Protein-protein interactions (PPIs) mediate many of the cellular processes that are misfiring in cancer and other diseases. Yet, PPIs are notoriously difficult to target with small molecules, which necessitates the development of fundamentally different
strategies to target and interrogate PPIs and map the cellular interactome, including those PPIs that involve intrinsically disordered proteomes (IDPs).
At the Chemical Biology Program, we are developing new chemistry-based methodologies for targeting PPIs, such as stapled peptides, fragment-based strategies (FBDD), and complex natural product-based molecules, as well as pursuing biologically compatible
reactions for mapping the cellular interactome.
Several labs in our program are driven by major interests in mapping, understanding, and targeting protein-protein interactions:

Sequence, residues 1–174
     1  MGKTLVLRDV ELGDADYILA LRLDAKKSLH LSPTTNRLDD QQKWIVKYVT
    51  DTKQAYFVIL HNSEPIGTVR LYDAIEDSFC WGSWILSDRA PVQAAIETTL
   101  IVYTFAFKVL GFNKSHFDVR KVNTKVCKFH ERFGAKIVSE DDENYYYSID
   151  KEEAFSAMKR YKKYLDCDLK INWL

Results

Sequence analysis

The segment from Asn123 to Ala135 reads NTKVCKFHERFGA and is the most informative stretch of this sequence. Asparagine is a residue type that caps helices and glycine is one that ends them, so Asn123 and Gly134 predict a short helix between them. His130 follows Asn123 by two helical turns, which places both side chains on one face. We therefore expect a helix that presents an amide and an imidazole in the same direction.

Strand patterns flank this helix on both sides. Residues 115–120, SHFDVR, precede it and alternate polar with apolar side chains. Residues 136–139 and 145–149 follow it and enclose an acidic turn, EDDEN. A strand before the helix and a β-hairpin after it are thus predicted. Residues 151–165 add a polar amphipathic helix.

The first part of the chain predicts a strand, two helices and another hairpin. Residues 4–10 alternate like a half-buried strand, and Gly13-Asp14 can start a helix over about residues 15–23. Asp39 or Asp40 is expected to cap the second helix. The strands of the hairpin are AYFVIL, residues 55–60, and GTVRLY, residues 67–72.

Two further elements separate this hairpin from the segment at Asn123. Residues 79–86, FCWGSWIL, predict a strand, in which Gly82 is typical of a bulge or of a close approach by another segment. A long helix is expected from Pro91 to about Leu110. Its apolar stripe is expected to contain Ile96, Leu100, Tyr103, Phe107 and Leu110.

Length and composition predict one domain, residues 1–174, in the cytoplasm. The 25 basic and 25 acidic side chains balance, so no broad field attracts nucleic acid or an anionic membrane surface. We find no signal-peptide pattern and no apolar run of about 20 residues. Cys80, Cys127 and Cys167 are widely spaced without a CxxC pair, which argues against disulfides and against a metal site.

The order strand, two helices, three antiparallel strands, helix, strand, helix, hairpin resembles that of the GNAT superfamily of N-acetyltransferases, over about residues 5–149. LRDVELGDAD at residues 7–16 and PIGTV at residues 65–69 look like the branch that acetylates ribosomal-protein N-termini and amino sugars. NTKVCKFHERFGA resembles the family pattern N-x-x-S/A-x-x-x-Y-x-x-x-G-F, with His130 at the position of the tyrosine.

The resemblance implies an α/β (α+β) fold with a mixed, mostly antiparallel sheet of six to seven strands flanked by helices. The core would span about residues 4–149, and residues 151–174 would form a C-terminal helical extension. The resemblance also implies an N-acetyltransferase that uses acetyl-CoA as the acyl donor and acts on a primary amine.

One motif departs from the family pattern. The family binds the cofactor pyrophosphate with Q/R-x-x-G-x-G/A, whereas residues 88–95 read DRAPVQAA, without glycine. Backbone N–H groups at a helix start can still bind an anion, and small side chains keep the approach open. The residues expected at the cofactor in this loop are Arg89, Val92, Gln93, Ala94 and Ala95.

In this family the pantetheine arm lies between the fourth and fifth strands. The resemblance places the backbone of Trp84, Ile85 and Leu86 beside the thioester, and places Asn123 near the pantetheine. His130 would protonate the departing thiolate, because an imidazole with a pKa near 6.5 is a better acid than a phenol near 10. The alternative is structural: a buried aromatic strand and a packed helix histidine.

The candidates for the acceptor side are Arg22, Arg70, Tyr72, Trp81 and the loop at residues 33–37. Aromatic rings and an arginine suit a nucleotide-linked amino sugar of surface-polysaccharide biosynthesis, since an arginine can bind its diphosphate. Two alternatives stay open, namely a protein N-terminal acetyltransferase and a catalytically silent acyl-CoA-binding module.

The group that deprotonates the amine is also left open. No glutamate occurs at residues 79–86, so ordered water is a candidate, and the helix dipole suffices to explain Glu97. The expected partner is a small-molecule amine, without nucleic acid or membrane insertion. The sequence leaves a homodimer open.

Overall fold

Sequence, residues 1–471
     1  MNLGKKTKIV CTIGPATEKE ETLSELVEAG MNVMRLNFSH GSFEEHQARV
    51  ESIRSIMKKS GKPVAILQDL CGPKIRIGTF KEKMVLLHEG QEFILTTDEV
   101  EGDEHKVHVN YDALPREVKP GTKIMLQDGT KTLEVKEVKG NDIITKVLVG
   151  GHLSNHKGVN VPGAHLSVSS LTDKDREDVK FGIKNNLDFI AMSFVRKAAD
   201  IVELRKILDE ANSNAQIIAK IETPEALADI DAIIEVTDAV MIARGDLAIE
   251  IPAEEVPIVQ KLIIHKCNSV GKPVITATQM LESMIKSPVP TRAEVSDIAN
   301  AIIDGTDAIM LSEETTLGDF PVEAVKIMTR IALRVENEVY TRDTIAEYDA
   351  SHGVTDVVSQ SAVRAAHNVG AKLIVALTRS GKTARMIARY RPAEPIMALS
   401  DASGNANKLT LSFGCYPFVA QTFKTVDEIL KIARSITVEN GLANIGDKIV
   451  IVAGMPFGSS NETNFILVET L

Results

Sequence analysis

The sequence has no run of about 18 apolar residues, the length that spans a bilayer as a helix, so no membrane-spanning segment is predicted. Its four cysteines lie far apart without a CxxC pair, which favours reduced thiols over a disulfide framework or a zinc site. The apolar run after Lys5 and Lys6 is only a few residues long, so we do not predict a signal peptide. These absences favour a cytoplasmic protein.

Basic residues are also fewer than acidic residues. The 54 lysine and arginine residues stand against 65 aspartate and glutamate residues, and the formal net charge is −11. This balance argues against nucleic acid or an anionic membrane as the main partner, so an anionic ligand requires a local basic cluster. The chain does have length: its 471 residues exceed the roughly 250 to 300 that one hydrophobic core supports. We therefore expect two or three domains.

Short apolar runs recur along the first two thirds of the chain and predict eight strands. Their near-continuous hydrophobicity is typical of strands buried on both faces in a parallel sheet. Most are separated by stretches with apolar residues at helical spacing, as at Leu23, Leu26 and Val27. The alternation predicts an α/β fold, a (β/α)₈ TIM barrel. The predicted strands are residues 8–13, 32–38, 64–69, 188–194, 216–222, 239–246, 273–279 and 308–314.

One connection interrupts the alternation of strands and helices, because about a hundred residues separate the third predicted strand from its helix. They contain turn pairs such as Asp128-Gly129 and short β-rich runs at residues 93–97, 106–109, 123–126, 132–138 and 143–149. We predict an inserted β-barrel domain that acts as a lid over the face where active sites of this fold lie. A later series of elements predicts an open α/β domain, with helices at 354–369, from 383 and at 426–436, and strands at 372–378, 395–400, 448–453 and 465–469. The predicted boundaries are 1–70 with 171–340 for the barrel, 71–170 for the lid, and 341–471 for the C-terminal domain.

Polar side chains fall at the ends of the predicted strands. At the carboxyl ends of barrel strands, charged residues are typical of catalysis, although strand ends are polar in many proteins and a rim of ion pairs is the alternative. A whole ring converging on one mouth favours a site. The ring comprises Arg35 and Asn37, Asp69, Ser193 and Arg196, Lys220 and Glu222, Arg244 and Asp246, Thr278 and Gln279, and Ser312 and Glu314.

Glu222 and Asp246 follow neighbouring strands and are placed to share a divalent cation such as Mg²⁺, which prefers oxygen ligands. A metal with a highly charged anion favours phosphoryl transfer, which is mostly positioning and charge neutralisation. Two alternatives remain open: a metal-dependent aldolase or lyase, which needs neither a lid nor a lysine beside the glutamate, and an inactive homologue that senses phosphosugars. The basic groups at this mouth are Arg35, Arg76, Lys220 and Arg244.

- The Arthanari Lab is using FBDD to find chemical matter that modulates PPIs involved in transcription and translation.
- The Kim Lab is developing innovative chemical methodologies for mapping and investigating PPIs.
- The Walensky Lab is focusing on key PPIs that mediate cell death and survival pathways.
- The Stapled Peptide Design Group is responsible for the broader accessibility and availability of the stapled peptide technology.